EIC cuts Thai economic forecast for 2021 to 2.2% as the COVID-19 outbreak resurfaced
The recurring waves of the COVID-19 pandemic in various countries, including Thailand, will directly slow the pace of Thai economic recovery in 2021. As such, EIC revises the Thai GDP forecast down to 2.2%
The recurring waves of the COVID-19 pandemic in various countries, including Thailand, will directly slow the pace of Thai economic recovery in 2021. As such, EIC revises the Thai GDP forecast down to 2.2% due to the following reasons:
The recovery of foreign tourist arrivals should be slower than previously anticipated. Although citizens in various countries are receiving COVID-19 vaccinations and Thailand could allow inoculated persons to travel into the country with more relaxed quarantine limitations, the recovery in international travel should pick up once herd immunity is widely established in many origin countries. EIC estimates that advanced economies should gradually form herd immunity during Q2/2021 to Q3/2021.
Meanwhile, developing countries in Asia, Thailand’s main source of tourists, should develop herd immunity, starting from Q4/2021 (such as China) to Q4/2022 (such as CLMV), a period slower than anticipated. With such regards, EIC revises the number of international tourist arrivals in 2021 down to 3.7 million persons, with recovery anticipated in H2/2021, particularly in Q4/2021.
Export conditions should be weaker-than-anticipated during H1/2021 from the COVID-19-induced global economic soft patch, the container shortages headwinds, and the strengthening baht. However, factors that should speedup global economic recovery and export growth during H2/2021 include sizable stimulus packages issued in various countries, more targeted city lockdowns, and hastened inoculations that will lead to herd immunity establishments, especially in advanced economies. EIC expects that exports will improve by 4.0%YOY in 2021.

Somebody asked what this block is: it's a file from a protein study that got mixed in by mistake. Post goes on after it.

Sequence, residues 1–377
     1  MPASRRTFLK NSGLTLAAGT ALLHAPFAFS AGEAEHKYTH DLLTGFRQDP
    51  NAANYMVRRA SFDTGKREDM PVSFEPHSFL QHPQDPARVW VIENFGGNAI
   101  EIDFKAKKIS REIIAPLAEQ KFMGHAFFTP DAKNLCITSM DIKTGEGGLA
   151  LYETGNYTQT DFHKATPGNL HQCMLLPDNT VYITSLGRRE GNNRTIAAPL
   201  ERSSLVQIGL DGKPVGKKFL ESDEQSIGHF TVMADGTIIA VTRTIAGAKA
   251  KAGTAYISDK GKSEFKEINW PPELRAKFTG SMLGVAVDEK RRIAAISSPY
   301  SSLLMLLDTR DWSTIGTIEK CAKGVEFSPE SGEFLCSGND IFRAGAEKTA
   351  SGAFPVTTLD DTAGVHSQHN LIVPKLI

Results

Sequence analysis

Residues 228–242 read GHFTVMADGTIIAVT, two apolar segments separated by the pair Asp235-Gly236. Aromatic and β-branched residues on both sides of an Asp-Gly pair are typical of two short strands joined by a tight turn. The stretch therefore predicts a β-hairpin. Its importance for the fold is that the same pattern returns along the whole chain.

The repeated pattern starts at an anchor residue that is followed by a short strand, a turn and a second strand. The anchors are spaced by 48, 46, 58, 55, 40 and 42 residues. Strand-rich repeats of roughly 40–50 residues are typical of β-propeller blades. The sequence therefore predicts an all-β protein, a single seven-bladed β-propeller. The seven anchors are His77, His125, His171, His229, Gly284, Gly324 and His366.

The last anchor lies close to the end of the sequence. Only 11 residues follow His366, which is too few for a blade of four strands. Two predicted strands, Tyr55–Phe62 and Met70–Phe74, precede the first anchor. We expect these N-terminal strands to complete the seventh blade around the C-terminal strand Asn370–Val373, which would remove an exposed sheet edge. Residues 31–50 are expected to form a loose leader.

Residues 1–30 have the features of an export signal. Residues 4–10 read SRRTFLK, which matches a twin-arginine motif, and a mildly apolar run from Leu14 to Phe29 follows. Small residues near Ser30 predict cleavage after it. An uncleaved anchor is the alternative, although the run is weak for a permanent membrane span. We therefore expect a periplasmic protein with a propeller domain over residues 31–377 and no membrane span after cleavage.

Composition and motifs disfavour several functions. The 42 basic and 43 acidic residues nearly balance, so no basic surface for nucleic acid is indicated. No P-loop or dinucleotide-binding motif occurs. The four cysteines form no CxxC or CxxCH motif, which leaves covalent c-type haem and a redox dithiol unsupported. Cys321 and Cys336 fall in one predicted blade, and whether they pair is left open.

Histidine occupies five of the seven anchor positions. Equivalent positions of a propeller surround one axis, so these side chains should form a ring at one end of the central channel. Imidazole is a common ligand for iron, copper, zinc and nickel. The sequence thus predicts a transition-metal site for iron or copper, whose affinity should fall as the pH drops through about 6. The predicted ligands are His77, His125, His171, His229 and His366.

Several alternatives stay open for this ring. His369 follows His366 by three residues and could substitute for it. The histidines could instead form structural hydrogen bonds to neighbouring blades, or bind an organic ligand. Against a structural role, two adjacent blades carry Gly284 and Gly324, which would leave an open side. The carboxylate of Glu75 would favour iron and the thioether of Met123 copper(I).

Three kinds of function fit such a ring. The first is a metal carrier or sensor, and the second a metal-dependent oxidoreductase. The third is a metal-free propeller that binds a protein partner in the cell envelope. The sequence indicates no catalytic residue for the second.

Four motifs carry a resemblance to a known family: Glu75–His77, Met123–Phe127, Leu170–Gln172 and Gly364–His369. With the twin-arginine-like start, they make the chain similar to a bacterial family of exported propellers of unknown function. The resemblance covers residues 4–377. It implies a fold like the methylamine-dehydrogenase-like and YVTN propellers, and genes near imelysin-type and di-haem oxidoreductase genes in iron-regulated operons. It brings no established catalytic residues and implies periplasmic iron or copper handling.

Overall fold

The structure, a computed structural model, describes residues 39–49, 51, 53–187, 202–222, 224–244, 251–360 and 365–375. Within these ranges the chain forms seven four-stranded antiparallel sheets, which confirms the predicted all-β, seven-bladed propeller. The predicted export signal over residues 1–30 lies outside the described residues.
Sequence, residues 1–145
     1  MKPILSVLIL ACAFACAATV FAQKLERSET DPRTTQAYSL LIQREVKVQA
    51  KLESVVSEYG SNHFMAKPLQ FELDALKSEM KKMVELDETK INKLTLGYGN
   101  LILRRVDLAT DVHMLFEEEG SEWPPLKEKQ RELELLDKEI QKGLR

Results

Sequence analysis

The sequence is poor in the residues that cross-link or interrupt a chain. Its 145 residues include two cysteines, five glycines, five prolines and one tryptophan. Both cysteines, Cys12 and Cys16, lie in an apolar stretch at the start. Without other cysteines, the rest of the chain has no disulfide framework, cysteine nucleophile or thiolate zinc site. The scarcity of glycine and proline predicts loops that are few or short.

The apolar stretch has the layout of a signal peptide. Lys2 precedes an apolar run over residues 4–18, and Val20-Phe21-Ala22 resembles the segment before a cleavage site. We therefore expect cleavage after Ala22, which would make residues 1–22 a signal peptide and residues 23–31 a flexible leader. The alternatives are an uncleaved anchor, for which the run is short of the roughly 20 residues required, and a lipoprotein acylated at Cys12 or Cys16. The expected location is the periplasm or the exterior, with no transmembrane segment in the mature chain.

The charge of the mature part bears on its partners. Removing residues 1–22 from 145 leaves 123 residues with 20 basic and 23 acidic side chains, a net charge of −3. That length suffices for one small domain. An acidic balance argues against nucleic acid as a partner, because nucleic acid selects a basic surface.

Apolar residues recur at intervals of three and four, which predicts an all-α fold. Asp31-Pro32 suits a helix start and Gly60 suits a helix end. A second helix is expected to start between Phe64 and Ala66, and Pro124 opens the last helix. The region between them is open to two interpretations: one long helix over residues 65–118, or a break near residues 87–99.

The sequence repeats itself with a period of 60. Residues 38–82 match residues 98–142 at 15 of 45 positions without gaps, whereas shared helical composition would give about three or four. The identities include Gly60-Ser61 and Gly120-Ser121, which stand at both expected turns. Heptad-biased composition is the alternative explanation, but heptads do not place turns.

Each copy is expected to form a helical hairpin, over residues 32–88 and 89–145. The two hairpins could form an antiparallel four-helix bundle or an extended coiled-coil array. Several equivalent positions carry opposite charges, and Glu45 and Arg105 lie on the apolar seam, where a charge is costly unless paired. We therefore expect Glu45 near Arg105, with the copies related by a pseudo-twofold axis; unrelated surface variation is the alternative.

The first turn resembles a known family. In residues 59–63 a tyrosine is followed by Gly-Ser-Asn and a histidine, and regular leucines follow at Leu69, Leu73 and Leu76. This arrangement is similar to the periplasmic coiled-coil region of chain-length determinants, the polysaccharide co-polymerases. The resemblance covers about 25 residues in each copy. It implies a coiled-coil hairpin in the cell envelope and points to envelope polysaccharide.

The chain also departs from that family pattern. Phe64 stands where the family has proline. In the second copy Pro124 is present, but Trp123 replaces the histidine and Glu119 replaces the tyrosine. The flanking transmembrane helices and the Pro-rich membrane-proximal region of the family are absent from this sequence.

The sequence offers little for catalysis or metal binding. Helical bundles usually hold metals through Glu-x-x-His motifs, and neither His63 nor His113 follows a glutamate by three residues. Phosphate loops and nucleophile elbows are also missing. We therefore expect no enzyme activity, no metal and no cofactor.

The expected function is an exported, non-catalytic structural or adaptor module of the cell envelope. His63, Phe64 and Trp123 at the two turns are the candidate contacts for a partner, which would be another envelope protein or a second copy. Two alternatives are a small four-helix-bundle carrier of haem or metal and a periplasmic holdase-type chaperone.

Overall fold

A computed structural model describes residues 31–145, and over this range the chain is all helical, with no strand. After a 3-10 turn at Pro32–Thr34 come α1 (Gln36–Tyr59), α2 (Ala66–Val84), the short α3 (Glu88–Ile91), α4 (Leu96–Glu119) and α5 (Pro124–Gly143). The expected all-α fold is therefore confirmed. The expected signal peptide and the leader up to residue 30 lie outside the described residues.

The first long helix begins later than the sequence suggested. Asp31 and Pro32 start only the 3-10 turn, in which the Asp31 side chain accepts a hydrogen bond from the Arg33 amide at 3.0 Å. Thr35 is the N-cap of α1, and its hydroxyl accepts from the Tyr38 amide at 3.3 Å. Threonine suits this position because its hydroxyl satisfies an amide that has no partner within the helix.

Regarding domestic demand, high-frequency data indicated that the new wave outbreak moderated economic activities, especially those requiring face-to-face interactions. EIC views that the recurring outbreak could be largely contained within 2 months. Even though the second wave consequences might not be as damaging as the first wave due to more targeted lockdowns with support from government stimulus packages, the economic scars will still be further worsened and particularly impact the already vulnerable SME sector and service sector employees.
The overall pace of Thai economic recovery should slowly progress as the tourism sector, Thailand’s key driver in terms of economic growth and employment, has yet to recover. Thus, the economic recovery will be uneven between different business sectors. Furthermore, various uncertainties and downside risks linger.
Risk factors that warrant monitoring in 2021 include 1) the duration required to successfully contain the second wave outbreak, 2) potential delays in widespread vaccine distribution in Thailand, 3) economic scars that could deteriorate financial stability via increasing bad debt 4) political instability in Thailand that could weaken investor confidence, 5) drought as the water stored in major dams approached a level lower than the historical average, and 6) the stronger baht appreciation relative to trading partners and competitors, which could slow export recovery and international travel demands.
Author: Economic Intelligence Center (EIC)